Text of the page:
Chapter One

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Once Upon a Time...

Grosvenor Square, London. 1817.

Fitzwilliam Darcy had spent the last few hours willing his wife's suffering to end, but he hadn't realised until now how cold, still silence could be worse than listening to her agony. He held his breath until he thought his lungs would burst, but the sound he longed for never came. His heart constricted as he realised its portent.

Elizabeth would be devastated.

He jumped to his feet when the doctor slipped through the door, closing it carefully behind him. Although the man's hands were clean, blood had soaked into the edge of his rolled up sleeves and crimson spots marred the front of his white linen shirt. Darcy took a deep breath, expecting the worst.

"I am sorry, sir. We did everything in our power, but the cord was wrapped so tightly around—"

Darcy held up his hand, having no desire to hear more; knowing there would be time enough to grieve for his child later. The only thing that mattered now was for Elizabeth to recover from her ordeal. "And my wife?"

The doctor's grey eyes reflected his concern. "She is not as well as I would like. Mrs Darcy has lost a great deal of blood and is still weak."

"May I see her?"

"I think that would be wise."

Darcy had been pacing the hall for what felt like days. Her groans had reached his ears, even through the thick door panels, and he now wished he had insisted on remaining by her side, regardless of the doctor's opinions.  As he entered the darkened chamber the candles flickered on the mantel shelf, sending grotesque shadows dancing across the walls; as though hell's own demons had gathered to taunt him.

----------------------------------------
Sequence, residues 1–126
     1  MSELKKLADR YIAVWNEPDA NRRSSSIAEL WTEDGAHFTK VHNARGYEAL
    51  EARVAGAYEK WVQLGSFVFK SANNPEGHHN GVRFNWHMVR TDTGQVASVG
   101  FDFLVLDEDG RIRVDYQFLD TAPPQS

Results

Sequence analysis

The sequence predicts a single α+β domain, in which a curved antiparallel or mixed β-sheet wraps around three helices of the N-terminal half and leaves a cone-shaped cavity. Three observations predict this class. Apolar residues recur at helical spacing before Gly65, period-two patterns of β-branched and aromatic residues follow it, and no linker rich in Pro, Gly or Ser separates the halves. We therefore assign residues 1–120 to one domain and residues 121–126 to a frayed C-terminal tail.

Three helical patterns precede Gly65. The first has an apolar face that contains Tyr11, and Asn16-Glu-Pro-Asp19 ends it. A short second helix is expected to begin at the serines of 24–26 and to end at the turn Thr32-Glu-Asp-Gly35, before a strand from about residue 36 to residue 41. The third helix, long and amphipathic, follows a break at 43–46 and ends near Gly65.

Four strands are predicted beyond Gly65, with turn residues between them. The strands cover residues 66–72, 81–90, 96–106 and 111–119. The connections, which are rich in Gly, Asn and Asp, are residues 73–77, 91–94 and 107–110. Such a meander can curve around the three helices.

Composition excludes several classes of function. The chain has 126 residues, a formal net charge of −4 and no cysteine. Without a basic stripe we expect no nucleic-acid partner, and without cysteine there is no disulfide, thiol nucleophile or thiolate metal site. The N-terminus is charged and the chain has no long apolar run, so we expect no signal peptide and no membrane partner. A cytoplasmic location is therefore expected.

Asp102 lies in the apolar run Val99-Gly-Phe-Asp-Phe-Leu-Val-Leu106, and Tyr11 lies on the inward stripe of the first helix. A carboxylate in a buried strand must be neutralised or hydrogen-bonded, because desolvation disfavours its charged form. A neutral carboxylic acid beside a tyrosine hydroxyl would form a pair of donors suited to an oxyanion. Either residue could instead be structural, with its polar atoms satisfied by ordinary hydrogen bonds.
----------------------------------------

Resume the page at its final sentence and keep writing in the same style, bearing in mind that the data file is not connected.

Elizabeth lay on her side, her knees drawn up to her stomach. The counterpane covering her to the shoulder was suspiciously smooth and clean, but evidence of her suffering lingered in the bowl of cloudy red water left on the floor and a jumble of stained sheets discarded on the dressing table.

Darcy had never in his life felt as useless, or as impotent, as he did at this moment. He dropped to his knees by the bed and cupped her pale cheek in his hand. "Elizabeth?"

Elizabeth opened her eyes at the sound of his voice, but they quickly flooded with tears. "Oh, Fitzwilliam, I am so sorry."

"Sorry for what, my love?"

"For...for not..." She inhaled deeply, her lips quivering as she struggled to hold back the tears. "For our s...son."

Darcy turned to the doctor for confirmation. The older man nodded his head before glancing towards the dressing table. What Darcy had believed to be crumpled linens shrouded the stillborn body of his son and heir. He breathed in slowly, clenching his teeth, knowing it would not help for Lizzy to see his own agonising disappointment. Once he had mastered his emotions, he whispered, "You cannot think it your fault, my love. It was not to be. There will be other children."

She closed her eyes, her forehead pinching as though in pain. "We waited so long for this blessing. What if there are no others? What if I never...?" Her voice faltered, no longer able to speak her fears aloud.

"As long as you are with me, I have everything I want." Taking her hand, he held it tightly between his own. "I need you, Lizzy. Only you."

Opening her eyes again she gifted him a weak smile. "Then we will grow old and grey together, my darling. I only hope I can give you an heir before that time arrives."

The doctor coughed; a less than subtle indication that it was time to leave. He kissed Elizabeth's cheek. "You must be exhausted. Sleep now, and we will talk again tomorrow. Never forget I love you."

"And I love you." Her fingers flickered in his grasp, even as her head rolled against the pillows as she fell into an unquiet slumber.

Darcy woke the following morning to news of Elizabeth's death. A voice, filled with pain and fury, cried out. It took a moment for him to recognise the voice, and the anguish, as his own.